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Endocrine-related cancer

Group I p21-activated kinases regulate thyroid cancer cell migration and are overexpressed and activated in thyroid cancer invasion.


PMID 20817787

Abstract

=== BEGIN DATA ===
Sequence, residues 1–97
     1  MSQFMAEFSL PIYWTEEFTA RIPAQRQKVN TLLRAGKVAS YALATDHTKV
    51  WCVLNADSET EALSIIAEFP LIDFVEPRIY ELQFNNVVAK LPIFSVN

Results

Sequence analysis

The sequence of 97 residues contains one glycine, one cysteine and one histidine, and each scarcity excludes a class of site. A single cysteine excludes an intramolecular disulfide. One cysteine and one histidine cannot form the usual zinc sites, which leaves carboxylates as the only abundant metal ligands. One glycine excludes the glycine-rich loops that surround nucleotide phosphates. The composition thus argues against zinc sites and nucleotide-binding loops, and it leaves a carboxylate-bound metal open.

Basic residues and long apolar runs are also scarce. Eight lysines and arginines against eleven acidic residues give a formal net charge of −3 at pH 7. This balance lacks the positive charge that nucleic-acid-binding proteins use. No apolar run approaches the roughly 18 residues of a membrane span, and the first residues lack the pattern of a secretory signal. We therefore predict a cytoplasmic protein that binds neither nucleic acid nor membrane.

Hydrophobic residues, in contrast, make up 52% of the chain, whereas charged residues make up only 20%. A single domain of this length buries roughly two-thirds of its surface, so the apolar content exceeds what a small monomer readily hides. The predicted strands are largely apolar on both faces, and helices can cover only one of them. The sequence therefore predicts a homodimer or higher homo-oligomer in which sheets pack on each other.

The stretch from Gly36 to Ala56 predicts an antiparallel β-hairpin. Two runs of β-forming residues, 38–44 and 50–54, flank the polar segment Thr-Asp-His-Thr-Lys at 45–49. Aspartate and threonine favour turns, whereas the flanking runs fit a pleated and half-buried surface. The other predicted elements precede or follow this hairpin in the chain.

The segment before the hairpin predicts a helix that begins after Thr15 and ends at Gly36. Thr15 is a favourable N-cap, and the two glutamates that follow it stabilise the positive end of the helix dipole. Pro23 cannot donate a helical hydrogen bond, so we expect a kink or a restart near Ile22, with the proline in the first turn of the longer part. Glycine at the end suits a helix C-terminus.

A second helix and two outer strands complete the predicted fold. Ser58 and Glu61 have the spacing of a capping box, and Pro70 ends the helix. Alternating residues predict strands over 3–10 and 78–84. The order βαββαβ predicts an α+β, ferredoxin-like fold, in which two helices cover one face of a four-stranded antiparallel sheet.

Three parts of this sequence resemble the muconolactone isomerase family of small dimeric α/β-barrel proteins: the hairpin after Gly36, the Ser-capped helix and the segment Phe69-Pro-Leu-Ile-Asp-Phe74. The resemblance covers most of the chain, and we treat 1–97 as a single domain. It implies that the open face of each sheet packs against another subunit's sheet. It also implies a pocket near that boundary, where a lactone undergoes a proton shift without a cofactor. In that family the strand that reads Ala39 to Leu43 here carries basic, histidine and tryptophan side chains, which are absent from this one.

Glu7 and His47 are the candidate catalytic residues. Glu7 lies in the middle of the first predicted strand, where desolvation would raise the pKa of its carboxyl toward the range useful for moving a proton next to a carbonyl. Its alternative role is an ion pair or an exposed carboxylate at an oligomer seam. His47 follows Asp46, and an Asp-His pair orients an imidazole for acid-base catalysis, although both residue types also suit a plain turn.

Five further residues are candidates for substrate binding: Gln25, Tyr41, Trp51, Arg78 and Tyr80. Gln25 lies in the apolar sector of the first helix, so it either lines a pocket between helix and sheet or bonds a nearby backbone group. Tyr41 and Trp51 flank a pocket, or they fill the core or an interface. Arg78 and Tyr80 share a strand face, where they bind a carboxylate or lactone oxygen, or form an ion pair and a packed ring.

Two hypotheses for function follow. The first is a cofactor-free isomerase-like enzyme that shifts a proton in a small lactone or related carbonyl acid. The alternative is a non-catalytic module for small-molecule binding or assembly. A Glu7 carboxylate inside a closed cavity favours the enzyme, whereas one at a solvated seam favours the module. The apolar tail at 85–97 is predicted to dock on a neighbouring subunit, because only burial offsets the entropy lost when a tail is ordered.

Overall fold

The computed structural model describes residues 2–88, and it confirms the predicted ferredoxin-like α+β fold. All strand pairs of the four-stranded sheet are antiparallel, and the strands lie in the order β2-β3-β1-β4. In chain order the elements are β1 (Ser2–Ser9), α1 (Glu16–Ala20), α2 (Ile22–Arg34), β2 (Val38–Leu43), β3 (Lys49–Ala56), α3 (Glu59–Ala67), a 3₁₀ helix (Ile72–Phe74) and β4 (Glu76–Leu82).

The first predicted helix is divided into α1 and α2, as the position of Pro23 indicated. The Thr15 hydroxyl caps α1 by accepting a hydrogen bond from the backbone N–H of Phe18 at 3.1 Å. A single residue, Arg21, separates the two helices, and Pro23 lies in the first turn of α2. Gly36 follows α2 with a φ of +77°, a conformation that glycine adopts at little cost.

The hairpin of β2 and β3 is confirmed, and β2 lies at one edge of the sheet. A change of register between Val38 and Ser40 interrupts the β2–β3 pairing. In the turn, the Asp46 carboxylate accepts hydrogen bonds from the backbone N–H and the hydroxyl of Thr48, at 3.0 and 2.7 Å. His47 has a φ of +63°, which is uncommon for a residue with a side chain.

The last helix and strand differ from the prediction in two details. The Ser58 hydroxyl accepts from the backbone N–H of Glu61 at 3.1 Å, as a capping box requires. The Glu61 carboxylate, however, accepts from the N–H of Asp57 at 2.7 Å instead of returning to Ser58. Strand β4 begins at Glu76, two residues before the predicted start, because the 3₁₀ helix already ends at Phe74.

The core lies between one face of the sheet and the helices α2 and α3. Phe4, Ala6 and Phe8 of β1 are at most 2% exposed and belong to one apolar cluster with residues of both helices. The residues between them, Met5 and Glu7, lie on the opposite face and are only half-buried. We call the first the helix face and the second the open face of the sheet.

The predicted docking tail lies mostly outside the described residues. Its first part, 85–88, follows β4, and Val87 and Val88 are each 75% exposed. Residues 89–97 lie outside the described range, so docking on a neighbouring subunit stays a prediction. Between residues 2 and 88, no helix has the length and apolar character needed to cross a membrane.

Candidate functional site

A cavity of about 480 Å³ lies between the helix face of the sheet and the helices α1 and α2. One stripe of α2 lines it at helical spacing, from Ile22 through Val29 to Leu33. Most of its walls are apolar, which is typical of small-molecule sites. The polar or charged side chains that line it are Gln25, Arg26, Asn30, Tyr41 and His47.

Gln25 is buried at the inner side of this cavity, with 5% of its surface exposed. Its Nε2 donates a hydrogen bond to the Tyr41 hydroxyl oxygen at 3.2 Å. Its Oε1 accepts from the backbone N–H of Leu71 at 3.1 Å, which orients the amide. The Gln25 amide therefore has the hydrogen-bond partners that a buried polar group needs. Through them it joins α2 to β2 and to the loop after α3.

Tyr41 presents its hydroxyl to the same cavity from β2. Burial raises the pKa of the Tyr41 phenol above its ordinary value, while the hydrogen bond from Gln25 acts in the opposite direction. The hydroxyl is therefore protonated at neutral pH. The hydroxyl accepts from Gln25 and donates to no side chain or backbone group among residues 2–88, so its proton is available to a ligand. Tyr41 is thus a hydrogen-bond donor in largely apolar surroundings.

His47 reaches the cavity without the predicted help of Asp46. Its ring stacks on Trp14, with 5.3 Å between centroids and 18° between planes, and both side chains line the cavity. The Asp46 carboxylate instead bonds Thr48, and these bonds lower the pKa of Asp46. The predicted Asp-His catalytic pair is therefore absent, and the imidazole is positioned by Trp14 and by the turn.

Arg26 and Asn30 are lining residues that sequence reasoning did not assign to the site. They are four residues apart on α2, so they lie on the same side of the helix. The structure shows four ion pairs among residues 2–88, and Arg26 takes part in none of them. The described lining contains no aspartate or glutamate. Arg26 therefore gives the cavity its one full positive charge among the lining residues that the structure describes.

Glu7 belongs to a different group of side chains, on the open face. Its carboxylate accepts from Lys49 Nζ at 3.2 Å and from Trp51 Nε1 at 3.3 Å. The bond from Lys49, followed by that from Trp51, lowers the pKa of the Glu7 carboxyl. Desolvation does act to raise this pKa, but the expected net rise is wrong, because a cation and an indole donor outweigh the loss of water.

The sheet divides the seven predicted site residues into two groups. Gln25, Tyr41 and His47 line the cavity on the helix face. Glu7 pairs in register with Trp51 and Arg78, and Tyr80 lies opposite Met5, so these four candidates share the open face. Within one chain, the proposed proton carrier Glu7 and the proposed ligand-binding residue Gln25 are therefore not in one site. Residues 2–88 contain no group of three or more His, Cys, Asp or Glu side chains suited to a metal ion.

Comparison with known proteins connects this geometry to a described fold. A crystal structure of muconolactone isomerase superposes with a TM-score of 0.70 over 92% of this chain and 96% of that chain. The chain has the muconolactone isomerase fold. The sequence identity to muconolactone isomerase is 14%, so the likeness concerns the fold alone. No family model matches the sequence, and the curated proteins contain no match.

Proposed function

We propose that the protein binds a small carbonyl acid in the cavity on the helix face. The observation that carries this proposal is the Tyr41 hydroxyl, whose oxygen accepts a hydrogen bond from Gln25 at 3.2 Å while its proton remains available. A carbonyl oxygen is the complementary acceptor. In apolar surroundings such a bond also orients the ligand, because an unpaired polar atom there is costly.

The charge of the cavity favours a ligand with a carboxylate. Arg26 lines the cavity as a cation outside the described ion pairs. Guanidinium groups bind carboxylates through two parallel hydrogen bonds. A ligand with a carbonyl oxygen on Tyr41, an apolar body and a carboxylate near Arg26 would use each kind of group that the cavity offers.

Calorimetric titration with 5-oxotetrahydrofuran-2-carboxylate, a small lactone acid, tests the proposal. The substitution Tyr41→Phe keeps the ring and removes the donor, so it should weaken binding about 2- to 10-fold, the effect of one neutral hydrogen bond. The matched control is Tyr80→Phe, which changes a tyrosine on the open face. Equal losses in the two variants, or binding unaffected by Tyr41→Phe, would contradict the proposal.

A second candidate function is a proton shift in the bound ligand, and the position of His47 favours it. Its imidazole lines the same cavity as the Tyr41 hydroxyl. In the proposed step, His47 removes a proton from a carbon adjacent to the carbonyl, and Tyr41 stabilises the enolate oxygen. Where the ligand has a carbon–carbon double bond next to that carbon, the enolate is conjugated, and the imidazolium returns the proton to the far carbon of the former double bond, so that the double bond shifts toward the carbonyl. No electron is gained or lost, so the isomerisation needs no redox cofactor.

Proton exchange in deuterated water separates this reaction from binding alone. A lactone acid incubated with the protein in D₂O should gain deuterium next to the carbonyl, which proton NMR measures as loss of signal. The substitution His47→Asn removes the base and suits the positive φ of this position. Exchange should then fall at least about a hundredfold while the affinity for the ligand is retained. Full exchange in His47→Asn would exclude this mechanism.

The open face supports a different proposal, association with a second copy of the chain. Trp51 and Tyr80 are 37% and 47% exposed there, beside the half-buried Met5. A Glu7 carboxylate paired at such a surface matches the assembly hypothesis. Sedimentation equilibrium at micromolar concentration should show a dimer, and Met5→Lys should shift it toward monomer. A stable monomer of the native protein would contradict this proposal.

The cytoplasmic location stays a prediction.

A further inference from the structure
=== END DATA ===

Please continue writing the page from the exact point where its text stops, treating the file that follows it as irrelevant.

p21-activated kinases (PAKs) are a family of serine/threonine kinases that regulate cytoskeletal dynamics and cell motility. PAKs are subdivided into group I (PAKs 1-3) and group II (PAKs 4-6) on the basis of structural and functional characteristics. Based on prior gene expression data that predicted enhanced PAK signaling in the invasive fronts of aggressive papillary thyroid cancers (PTCs), we hypothesized that PAKs functionally regulate thyroid cancer cell motility and are activated in PTC invasive fronts. We examined PAK isoform expression in six human thyroid cancer cell lines (BCPAP, KTC1, TPC1, FTC133, C643, and SW1746) by quantitative reverse transcription-PCR and western blot. All cell lines expressed PAKs 1-4 and PAK6 mRNA and PAKs 1-4 protein; PAK6 protein was variably expressed. Samples from normal and malignant thyroid tissues also expressed PAKs 1-4 and PAK6 mRNA; transfection with the group I (PAKs 1-3) PAK-specific p21 inhibitory domain molecular inhibitor reduced transwell filter migration by ∼50% without altering viability in all cell lines (P<0.05). BCPAP and FTC133 cells were transfected with PAK1, PAK2, or PAK3-specific small interfering RNA (siRNA); only PAK1 siRNA reduced migration significantly for both cell lines. Immunohistochemical analysis of seven invasive PTCs demonstrated an increase in PAK1 and pPAK immunoactivity in the invasive fronts versus the tumor center. In conclusion, PAK isoforms are expressed in human thyroid tissues and cell lines. PAK1 regulates thyroid cancer cell motility, and PAK1 and pPAK levels are increased in PTC invasive fronts. These data implicate PAKs as regulators of thyroid cancer invasion.